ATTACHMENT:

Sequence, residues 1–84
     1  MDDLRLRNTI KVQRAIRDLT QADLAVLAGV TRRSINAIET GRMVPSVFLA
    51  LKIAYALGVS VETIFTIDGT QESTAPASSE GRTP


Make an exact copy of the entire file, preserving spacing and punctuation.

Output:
Sequence, residues 1–84
     1  MDDLRLRNTI KVQRAIRDLT QADLAVLAGV TRRSINAIET GRMVPSVFLA
    51  LKIAYALGVS VETIFTIDGT QESTAPASSE GRTP